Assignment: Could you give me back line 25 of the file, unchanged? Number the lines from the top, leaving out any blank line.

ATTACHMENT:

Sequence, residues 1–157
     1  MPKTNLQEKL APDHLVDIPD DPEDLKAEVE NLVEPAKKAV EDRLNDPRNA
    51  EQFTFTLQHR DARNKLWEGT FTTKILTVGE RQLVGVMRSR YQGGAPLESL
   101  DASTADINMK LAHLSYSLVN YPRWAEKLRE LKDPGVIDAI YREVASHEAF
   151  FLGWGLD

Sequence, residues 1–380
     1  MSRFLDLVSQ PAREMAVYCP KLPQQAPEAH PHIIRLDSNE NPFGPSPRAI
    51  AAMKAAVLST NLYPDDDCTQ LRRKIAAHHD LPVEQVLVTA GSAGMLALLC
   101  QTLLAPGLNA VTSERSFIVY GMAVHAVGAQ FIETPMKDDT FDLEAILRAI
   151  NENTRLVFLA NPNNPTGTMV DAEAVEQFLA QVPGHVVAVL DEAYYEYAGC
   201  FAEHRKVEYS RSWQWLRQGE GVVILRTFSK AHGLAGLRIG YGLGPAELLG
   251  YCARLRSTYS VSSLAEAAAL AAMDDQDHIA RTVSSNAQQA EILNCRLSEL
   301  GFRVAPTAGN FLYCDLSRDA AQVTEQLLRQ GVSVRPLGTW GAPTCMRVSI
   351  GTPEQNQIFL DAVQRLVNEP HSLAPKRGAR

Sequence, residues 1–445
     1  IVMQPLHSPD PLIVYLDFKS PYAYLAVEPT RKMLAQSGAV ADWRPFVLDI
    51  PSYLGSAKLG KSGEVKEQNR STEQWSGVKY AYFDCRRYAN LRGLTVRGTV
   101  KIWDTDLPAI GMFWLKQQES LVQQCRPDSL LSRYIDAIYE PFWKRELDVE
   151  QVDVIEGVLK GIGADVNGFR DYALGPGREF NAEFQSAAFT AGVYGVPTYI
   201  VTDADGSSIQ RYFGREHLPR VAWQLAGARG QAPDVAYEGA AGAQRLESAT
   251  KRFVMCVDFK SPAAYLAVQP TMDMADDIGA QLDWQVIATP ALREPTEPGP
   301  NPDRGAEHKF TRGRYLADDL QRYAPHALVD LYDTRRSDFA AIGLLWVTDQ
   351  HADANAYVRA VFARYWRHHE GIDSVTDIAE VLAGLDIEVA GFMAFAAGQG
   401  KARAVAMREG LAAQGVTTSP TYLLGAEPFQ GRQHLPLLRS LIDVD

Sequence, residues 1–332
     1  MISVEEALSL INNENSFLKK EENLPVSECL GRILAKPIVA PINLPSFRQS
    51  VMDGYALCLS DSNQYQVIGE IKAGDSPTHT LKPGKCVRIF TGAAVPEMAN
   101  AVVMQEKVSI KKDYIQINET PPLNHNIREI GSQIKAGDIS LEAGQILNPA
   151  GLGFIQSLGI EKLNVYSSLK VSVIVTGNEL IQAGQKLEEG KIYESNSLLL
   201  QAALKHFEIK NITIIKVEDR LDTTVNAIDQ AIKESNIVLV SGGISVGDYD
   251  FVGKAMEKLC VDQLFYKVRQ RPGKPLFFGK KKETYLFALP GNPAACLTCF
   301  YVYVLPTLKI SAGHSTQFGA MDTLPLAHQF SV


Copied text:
Sequence, residues 1–332